Don’t Write What You Know

Write what you love! If you can do both in one story then nice one. It seems that writers are often counselled to pick subjects they have personal experience of. This is sound advice, because when the going gets tough (and it does) being able to fall back on situations you’ve actually been in or have knowledge of can be the difference between make or break. It’s also generally accepted that covering a topic you have an intimate understanding of will shine through in your writing and make it all the stronger.

All well and good, but here’s the conundrum – what if you really want to write about something that isn’t “what you know.” Now, a scientist will be well placed to add loads of delicious titbits to his sci-fi novel, but even NASA’s brightest couldn’t claim that exploring the fauna of an alien planet is a topic they have personal experience of. There are many, many novels, probably a majority, where it’s just not possible that the authors “wrote what they know.”

I was struck by this fact yesterday as I dug into the last 10,000 words of my current project, a historical fiction piece carrying the provisional title Covenanted. At long last, I’d reached the book’s one and only battle scene (the 1639 clash at Aberdeen’s Brig O’ Dee in case you were wondering, and I know you weren’t but that doesn’t matter. Spread the history love!). Now, I’ve never served and I’ve never time-travelled, so for me to claim I had any kind of experience in 17th century warfare would be a tad facetious. And all the research in the world doesn’t make up for first-hand knowledge, does it?

But I wasn’t in the slightest bit worried as I ploughed into the Covenanter’s bloody storming of the bridge yesterday, for the simple reason that I was writing what I love. I grew up on the novels of Bernard Cornwell and Dan Abnett, on the mythical battles of King Arthur, and on the stories of my own ex-Army father. Writing combat action scenes is just about in my blood. It didn’t matter that I wasn’t there – if it was pacey, punchy and a bit gritty, I knew I’d nailed the spirit of the thing.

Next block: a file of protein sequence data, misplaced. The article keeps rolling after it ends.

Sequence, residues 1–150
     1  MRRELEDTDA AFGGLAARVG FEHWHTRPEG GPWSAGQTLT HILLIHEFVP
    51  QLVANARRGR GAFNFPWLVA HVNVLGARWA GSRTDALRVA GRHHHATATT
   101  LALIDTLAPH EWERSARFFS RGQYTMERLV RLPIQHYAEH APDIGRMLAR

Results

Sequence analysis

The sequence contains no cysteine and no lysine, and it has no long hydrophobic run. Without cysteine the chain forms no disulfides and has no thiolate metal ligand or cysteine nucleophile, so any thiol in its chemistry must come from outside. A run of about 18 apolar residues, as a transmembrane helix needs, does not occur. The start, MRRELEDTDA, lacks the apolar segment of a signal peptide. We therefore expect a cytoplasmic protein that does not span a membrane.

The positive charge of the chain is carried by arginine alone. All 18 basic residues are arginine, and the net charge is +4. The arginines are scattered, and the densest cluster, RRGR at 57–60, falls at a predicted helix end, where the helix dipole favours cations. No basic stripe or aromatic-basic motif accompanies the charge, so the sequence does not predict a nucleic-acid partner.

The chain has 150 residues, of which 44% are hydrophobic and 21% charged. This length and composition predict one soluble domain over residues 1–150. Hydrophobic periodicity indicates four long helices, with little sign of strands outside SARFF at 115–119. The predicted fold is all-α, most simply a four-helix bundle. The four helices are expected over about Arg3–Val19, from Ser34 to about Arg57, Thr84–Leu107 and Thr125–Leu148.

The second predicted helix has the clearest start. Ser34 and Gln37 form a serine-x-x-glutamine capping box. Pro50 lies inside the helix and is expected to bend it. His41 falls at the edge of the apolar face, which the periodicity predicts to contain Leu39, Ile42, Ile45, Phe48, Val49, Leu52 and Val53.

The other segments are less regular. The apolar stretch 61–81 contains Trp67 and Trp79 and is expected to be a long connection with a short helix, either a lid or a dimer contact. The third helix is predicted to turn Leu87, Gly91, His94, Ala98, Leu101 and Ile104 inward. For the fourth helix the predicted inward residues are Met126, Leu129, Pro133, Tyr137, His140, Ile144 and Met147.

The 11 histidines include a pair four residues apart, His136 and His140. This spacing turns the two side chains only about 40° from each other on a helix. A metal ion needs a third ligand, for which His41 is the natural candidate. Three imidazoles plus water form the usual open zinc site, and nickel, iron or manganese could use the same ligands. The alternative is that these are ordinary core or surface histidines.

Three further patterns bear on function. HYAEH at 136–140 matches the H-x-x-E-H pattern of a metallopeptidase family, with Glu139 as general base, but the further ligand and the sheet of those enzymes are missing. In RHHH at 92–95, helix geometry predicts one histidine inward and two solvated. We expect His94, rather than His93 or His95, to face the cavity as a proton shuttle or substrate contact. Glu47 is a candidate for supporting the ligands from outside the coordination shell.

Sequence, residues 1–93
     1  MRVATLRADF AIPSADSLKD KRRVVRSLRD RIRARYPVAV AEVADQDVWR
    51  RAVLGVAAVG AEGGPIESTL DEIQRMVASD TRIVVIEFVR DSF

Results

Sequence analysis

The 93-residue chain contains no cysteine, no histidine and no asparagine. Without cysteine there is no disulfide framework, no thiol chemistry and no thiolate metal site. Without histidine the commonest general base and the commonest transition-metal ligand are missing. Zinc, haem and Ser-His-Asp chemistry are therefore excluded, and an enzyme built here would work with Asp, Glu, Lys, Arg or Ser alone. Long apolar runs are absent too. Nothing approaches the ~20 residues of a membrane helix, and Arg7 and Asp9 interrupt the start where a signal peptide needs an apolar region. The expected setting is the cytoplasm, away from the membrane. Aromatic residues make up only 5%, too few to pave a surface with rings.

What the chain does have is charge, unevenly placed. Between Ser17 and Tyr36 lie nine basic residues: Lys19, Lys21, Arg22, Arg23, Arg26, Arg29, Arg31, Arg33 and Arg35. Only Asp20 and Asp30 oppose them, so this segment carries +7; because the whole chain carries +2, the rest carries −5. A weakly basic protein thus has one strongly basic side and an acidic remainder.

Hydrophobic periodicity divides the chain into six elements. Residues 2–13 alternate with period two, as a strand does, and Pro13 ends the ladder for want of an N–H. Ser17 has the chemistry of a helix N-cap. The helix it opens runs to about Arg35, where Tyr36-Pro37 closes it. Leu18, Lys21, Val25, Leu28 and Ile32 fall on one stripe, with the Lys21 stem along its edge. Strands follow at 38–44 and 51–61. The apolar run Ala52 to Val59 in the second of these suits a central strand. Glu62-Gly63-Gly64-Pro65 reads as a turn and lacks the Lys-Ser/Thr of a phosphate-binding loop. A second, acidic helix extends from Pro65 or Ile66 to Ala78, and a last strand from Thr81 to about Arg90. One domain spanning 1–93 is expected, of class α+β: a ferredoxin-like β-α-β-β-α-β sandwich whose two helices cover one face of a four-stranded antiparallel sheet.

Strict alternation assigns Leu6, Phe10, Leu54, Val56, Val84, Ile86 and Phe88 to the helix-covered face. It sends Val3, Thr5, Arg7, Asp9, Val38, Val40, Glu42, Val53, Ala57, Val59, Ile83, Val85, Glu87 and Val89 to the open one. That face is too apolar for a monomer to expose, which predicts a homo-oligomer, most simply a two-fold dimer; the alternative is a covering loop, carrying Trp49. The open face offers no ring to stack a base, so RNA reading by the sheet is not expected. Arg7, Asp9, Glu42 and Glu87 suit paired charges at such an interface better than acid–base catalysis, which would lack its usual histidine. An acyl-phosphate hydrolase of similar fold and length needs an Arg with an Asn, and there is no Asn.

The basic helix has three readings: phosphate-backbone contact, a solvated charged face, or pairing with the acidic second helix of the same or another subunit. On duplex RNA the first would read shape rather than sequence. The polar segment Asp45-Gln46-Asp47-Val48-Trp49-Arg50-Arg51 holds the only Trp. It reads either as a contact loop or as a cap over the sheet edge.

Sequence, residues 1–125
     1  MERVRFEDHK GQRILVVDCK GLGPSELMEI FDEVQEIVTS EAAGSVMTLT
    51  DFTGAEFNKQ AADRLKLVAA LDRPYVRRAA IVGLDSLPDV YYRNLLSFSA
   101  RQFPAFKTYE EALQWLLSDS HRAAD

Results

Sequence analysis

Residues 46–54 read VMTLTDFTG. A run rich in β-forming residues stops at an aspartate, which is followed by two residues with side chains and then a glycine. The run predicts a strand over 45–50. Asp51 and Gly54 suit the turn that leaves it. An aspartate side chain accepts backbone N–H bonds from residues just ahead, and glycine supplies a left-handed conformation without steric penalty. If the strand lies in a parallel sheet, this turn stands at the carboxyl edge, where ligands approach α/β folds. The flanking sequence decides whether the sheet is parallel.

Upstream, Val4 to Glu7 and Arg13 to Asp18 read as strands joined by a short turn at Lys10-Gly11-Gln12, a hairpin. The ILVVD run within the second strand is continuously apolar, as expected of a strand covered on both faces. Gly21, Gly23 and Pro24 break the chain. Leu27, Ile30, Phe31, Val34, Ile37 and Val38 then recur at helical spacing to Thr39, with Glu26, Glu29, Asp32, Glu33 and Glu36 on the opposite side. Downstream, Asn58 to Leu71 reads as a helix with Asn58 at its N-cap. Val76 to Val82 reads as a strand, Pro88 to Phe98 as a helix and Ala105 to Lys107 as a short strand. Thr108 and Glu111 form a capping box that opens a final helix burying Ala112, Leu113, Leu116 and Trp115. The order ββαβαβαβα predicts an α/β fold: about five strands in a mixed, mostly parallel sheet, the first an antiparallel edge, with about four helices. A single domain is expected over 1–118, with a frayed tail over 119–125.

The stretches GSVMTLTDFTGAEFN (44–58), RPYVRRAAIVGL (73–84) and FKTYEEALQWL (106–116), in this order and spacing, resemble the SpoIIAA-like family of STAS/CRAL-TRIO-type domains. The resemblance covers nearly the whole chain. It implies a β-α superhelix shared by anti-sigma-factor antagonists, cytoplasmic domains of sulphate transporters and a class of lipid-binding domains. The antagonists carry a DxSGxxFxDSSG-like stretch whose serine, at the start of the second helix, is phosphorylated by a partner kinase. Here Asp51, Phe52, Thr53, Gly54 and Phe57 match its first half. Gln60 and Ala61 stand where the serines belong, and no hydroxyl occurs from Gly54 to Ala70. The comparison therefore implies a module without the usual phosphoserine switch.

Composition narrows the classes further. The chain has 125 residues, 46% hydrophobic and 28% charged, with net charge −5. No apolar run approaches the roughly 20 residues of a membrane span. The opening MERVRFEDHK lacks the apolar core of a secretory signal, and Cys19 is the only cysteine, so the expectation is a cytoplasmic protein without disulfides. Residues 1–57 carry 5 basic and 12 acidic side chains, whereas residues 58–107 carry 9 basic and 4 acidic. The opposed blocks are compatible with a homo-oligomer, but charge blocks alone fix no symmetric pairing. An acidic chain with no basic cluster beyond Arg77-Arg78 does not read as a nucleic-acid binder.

Which brings me onto the salient point of this post. The research doesn’t matter. The knowledge doesn’t matter. The writing matters. That’s why you’re a WRITER. Get that right and you’ve done enough. Focus on telling the story and don’t worry about which way the wind was really blowing on the day, unless that’s part of the story! Write what you know but, when in doubt, always write what you love.



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6 responses to “Don’t Write What You Know

  1. Quick thankyou for the like on my blog post.

    We have something in common concerning this post on writing. I’m a big fan of Covenanting history and the Killing Times.

    In fact, I come from a part of the Lowlands where several outstanding
    characters did their living, preaching and dieing. Alexander Peden (Prophet Peden) lived out his life in a cave under constant threat of execution less than 8 miles from where I live.

    I’m less than a mile from the castle where Tam Dalyell’s forefather regularly locked up and hanged suspected covenanters and conventicle followers.

    Captain James Nisbett is buried in a churchyard in the centre of my nearest town.

    I’ve visited Drumclog a couple of times and tried to imagine just how men on foot could have defeated superior armed mounted dragoons.

    If you ever decide to post some tasters of your story let me know.


    • Fascinating! I’m lucky enough to be doing the Covenanters at Uni next year (and in Edinburgh too, the place is rammed full of Covenanter history). The book I’m writing (well, editing now) is based on the life of Jenny Geddes and the start of the movement in 1638, but IF I was (somehow) successful and got to do a sequel I’d definitely want to cover the Killing Times of the 60s-80s. I’ve already had a few ideas involving the life of Richard Cameron and possibly James Renwick. Nice to find someone else interested in the subject, I consider it one of the most important times in Scotland’s history!

  2. You’ve piqued my curiousity as to why you would like a post on so called ‘Ultimate Cybernat’ Rev Stu.

    I actually feel I’ve let myself down by posting two days in a row about him – but following the way he was baiting Rangers supporters on his Twitter feed on Saturday – I felt compelled.

    I don’t even like Rangers – funnily enough..

    Today’s Tweet thread made me laugh like hell when I saw the conversation thread unfold. I hope anyone he decides to bait with his bigoted diatribe refers to today’s post.

    It’d be good if it was posted on that Unionist site which posted the link to one of my blogs.

    I just happened across another site today where a pro-independence blogger referred to Rev Stu as ‘distasteful’, ‘paranoid’ and ‘sectarian’.


    PS: How’s the editing of the Covenanting story coming along?

  3. Greetings!

    I am hopping over from GUTGAA and thought I would visit some blogs before the fun begins! Nice to meet you…you have a lovely blog!

    Donna L Martin

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